Much of the world has changed dramatically since 2020. We are now in the fastest period of monetary contraction since the Paul Volcker-era (1979-1987) and inflation has again become a problem for several economies. There has also been a push toward regionalization and away from highly efficient and complex supply chains which will further exacerbate, or at the very least, keep inflation sticky. Energy costs have risen and are likely to crimp businesses and put pressure on margins. The move to cleaner modes of energy will likely also have inflationary undertones. The one constant going forward will be more regulation as it relates to big technology, artificial intelligence (AI), banking and energy policy. Many of these shifts will alter the styles to broadly align with the Systematic Equity- Active group’s core preferences. For instance, we believe that there will be somewhat of a preference for shorter duration cash flows and a value discipline. In addition, we believe that businesses that have been disciplined and have not accumulated excessive debt over the last several years will have healthy balance sheets to weather multiple storms as credit and financial conditions potentially deteriorate into 2024. Moreover, these high quality businesses should be able to command some level of pricing power with consumers, as margins are compressed for other poorer quality firms with less brand power.

Figure 6 : Market Environments and Impact on Equities and Style Preferences

Market Environments

As one might expect, trade dependent countries have had a challenging year. A slowdown in trade, onshoring, and weakening global growth, are taking its toll on company earnings in 2023. Calendar year 2023 earnings-per-share (EPS) levels are expected to come in at 71.8, down -11.7% from the prior year. The majority of the decline in EPS is stemming from the big exporters namely South Korea, Taiwan, and Brazil. The sole exception is China with expected growth for 2023 optimistically projected to be over 7%. Nonetheless, the economic story in China has proven less than ideal which has kept investors shy of increasing exposures – especially given the rising regional geopolitical tensions. The other notable positive contributor to EPS is India. Viewed as the shining start of the group, India has an forecasted EPS growth at over 25% for 2023. The Indian economy is still growing strongly and the country has positive demographics (rare) and very low debt.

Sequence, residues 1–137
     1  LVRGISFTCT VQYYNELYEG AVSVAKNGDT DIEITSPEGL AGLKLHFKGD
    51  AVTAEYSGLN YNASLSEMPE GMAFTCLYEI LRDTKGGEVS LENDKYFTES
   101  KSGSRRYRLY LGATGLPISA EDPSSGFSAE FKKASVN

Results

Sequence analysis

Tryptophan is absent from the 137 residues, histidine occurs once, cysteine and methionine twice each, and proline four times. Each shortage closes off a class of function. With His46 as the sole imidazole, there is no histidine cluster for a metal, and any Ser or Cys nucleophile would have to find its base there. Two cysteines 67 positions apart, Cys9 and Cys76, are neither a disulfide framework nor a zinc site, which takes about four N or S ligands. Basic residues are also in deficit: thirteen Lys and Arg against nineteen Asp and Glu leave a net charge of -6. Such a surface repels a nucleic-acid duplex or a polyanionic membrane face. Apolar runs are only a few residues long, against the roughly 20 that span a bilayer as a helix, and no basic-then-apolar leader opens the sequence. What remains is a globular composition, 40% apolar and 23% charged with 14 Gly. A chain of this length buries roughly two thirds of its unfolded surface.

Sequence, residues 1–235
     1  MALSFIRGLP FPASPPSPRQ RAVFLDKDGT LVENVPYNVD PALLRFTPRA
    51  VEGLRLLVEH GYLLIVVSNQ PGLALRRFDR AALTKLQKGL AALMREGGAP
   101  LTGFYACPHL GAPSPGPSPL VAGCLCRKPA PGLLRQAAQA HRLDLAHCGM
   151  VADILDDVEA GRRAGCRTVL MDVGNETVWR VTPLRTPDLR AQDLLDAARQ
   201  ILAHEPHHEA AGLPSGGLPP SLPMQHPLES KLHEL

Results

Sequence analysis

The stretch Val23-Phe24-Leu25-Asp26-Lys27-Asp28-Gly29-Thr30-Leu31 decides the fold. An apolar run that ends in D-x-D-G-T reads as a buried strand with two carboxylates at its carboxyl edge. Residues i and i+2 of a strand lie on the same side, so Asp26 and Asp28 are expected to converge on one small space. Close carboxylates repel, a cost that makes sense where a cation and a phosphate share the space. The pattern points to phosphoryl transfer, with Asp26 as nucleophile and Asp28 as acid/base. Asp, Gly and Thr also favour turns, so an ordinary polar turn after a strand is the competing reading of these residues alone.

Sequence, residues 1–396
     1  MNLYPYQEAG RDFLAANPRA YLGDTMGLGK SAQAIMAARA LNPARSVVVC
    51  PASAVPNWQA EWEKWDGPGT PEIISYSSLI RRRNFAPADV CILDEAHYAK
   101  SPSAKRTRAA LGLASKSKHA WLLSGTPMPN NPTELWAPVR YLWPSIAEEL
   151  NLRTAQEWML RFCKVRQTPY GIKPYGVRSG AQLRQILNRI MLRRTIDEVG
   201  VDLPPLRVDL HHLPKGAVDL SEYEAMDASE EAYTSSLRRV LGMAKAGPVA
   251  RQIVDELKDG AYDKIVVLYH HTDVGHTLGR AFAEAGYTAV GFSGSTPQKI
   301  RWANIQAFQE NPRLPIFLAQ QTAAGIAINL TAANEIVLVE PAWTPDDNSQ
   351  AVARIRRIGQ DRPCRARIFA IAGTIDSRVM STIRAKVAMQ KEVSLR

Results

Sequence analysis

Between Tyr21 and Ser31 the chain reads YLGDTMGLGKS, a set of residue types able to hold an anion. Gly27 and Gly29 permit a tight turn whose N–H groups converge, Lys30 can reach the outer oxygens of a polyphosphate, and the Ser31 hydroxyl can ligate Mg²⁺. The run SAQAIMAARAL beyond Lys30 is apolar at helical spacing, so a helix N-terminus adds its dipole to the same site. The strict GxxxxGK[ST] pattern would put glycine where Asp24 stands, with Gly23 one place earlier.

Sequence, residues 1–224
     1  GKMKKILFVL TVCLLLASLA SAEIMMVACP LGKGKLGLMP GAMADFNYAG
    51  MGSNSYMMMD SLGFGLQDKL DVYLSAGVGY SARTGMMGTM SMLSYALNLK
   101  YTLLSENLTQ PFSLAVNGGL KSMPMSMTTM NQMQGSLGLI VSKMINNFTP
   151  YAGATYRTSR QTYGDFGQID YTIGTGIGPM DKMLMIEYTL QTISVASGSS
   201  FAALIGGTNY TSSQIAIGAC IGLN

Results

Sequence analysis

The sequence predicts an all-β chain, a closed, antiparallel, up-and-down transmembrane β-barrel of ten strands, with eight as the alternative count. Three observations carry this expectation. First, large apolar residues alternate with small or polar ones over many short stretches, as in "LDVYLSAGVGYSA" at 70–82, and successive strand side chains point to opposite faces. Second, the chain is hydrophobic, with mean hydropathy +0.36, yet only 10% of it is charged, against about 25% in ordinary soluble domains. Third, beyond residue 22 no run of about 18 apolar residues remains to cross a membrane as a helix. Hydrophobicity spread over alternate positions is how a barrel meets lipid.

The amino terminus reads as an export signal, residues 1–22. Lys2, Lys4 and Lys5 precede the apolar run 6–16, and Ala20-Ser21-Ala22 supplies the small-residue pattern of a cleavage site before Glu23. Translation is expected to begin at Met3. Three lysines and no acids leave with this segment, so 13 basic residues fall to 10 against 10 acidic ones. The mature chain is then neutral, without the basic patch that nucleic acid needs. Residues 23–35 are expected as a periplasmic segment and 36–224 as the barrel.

We expect a big recovery in emerging markets, but there are certainly some headwinds: China’s property market and debt troubles, a potential for a lackluster rebound in the Korean technology sector, or increased tensions around Taiwan, to name a few.

In China we remain focused on avoiding high risk and expensive names, and anything overvalued. High quality is critical, especially balance sheet quality with some exposure to under owned names. Some caution is recommended particularly with financials and real estate.

The Systematic Equity – Active (SE-A) emerging markets model favors India; however, one needs to be well positioned within the country. The market has benefited from some China outflows, yet the main risks tend to anchored around overvaluation.

Interestingly, there has been a divergence of factor returns between emerging markets and their developed market peers. For example, year-to-date Value (SE-A proprietary) is up over 11% on a quintile spread basis in emerging markets. In contrast, Value is down nearly -3% in developed markets.

We do anticipate this trend to persist into the near future as investors remain focused on fundamentals and are keen to avoid unnecessary risks in emerging market equities. The rest of emerging markets priced for a China slowdown.

In Summary

We believe our investment process, which uses a balanced set of attributes to select stocks, will be well positioned to capture the opportunities that markets offer in the remainder of 2023 and looking forward into 2024. We anticipate society will adjust to a new world with changing monetary and fiscal conditions as the global economy experiences contractionary forces. Furthermore, the newly integrated Systematic Equity Team allows us to capitalize on our infrastructure, scale, and expertise in order to maximize our resources and deliver the best results for our clients.